Another Hong Kong worker at anti-Beijing bookshop 'disappears'

Books in the shop, seen through a window Image copyright BBC Chinese
Image caption The books the shop sells are banned in mainland China

Another associate of a Hong Kong bookshop specialising in titles critical of the Chinese government appears to have disappeared.

Last month four other employees of the same bookshop and publishing house, including its owner, went missing.

Their colleagues believe they have been detained because of their work.

Freedom of the press is guaranteed in Hong Kong, but many in the publishing industry say they are beginning to feel pressure from mainland China.

The latest associate to be reported missing is the man who raised the alarm when his colleagues disappeared in October.

Image copyright BBC Chinese
Image caption The small shop is located in the busy Causeway Bay area

Mr Lee spoke to the BBC when his colleagues disappeared but did not want to disclose his full name at the time fearing reprisals.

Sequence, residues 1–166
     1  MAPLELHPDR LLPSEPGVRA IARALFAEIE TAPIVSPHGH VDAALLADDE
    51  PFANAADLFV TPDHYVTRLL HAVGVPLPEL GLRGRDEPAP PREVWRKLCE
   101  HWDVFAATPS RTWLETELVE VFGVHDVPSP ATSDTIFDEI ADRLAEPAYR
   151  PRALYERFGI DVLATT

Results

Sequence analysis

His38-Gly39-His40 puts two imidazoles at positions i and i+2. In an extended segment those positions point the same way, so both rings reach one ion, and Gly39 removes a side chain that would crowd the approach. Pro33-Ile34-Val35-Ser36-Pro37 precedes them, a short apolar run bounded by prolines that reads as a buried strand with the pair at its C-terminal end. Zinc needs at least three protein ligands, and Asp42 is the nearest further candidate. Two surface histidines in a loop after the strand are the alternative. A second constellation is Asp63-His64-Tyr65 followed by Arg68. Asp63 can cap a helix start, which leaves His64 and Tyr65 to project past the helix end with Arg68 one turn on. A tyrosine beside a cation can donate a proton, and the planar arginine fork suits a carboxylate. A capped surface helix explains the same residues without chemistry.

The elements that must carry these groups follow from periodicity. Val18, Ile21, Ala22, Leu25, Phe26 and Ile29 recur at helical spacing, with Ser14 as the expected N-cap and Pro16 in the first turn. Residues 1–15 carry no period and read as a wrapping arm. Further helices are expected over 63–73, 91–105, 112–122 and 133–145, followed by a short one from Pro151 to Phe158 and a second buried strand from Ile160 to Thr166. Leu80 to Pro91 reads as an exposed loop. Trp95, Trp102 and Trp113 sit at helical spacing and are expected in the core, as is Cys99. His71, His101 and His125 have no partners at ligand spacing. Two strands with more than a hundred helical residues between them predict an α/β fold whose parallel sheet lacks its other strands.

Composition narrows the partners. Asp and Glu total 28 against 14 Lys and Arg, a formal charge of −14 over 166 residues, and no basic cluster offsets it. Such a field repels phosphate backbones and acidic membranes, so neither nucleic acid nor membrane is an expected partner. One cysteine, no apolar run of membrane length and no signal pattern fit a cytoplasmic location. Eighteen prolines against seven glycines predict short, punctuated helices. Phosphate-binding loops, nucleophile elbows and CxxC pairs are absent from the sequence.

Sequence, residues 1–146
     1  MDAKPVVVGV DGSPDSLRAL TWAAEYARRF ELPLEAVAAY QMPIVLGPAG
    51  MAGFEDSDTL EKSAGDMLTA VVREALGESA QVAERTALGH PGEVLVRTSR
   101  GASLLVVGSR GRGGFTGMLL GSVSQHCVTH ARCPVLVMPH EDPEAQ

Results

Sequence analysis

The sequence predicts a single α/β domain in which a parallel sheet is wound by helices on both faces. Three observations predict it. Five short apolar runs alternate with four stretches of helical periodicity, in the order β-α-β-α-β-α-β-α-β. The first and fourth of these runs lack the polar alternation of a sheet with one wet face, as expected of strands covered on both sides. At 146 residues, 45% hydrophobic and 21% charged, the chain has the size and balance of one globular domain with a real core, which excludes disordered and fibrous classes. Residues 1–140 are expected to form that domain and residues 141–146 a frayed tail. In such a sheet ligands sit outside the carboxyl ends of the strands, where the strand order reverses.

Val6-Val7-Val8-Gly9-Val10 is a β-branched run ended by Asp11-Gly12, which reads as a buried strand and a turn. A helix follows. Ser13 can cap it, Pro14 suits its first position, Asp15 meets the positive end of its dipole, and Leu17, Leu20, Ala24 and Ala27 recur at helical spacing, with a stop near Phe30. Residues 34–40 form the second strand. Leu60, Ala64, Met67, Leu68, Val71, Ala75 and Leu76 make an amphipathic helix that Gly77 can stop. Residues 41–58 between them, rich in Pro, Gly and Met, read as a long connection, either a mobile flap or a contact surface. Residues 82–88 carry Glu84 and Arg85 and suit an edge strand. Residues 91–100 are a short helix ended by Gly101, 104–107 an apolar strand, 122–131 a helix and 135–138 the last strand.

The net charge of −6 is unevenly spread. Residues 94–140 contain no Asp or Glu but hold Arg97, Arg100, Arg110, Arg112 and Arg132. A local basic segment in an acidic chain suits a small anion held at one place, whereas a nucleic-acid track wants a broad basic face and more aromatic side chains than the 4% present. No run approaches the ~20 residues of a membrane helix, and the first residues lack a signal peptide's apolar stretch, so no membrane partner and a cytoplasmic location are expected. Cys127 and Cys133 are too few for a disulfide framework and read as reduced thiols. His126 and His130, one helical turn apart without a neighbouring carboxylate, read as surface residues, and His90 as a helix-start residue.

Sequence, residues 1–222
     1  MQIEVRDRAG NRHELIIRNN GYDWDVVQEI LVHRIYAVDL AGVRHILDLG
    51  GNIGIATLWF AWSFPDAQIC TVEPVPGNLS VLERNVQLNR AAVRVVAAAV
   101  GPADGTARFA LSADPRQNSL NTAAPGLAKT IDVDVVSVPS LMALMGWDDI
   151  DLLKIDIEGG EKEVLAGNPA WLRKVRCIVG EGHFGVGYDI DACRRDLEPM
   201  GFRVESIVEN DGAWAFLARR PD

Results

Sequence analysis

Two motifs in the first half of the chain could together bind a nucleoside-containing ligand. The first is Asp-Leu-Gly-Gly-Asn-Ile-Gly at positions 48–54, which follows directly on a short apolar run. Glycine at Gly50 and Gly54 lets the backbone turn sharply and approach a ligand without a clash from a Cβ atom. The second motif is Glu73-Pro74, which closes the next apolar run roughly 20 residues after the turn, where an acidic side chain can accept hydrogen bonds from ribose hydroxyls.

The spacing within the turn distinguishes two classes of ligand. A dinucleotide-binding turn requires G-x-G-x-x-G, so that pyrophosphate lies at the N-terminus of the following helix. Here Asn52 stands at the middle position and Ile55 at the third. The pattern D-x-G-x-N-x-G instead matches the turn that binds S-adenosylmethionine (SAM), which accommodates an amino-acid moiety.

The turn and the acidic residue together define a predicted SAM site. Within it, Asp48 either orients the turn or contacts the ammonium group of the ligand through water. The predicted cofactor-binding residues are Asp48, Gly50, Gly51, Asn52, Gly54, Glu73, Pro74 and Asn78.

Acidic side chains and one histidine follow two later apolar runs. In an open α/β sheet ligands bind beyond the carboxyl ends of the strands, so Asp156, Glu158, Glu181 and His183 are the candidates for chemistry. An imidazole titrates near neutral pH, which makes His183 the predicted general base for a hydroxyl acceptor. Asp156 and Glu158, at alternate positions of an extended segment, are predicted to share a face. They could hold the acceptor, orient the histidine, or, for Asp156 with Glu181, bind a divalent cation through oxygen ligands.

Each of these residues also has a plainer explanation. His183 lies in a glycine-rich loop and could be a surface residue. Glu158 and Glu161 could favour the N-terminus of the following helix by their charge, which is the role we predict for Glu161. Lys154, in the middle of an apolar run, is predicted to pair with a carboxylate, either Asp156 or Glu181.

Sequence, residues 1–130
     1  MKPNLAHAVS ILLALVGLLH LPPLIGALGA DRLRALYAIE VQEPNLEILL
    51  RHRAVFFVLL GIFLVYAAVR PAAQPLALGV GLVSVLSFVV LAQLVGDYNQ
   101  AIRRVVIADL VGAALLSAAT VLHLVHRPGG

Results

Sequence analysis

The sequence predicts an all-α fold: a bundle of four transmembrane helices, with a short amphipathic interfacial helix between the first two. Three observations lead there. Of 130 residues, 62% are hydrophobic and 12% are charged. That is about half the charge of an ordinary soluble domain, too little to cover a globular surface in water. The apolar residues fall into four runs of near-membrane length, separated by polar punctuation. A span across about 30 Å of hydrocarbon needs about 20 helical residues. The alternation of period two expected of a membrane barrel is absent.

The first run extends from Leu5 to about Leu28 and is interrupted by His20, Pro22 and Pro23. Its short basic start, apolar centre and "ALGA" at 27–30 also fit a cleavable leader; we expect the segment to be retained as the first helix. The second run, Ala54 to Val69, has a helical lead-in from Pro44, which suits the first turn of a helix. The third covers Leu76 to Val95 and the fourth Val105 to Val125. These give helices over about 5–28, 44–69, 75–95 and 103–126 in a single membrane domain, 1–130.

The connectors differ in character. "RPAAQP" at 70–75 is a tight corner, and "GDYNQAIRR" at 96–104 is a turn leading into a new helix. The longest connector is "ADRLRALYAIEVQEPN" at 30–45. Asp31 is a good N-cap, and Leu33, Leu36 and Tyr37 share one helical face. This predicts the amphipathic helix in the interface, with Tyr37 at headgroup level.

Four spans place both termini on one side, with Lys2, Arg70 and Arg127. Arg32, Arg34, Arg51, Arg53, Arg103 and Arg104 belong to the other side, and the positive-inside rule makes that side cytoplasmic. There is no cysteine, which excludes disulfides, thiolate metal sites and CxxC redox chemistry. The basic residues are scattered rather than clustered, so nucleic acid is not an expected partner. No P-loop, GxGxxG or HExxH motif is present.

He failed to arrive home on Wednesday evening and his wife has been unable to reach him. She told the BBC she is deeply afraid.

One of his colleagues said Mr Lee was taken away by unknown men and the fear is that Chinese officials have reached beyond mainland China to punish them for their work, our correspondent Juliana Liu in Hong Kong reports.

Two of the previous four men who disappeared were last seen in Shenzhen, mainland China, where their wives live; one was last seen in Hong Kong; and the other, the owner of the publishing house, was last heard from by email from Pattaya, Thailand, where he owns a holiday home.

The Causeway Bay Bookstore sells gossipy paperbacks that are highly critical of the Chinese leadership and are said to be popular among mainland tourists visiting Hong Kong.

The bookshop's troubles are not unique. Last year, Hong Kong publisher Yiu Mantin was sentenced to ten years in prison in China on smuggling charges his family believes were retaliation for publishing a book highly critical of President Xi Jinping. And in November, two Hong Kong journalists were tried for selling political magazines in nearby Shenzhen.

Image copyright BBC Chinese

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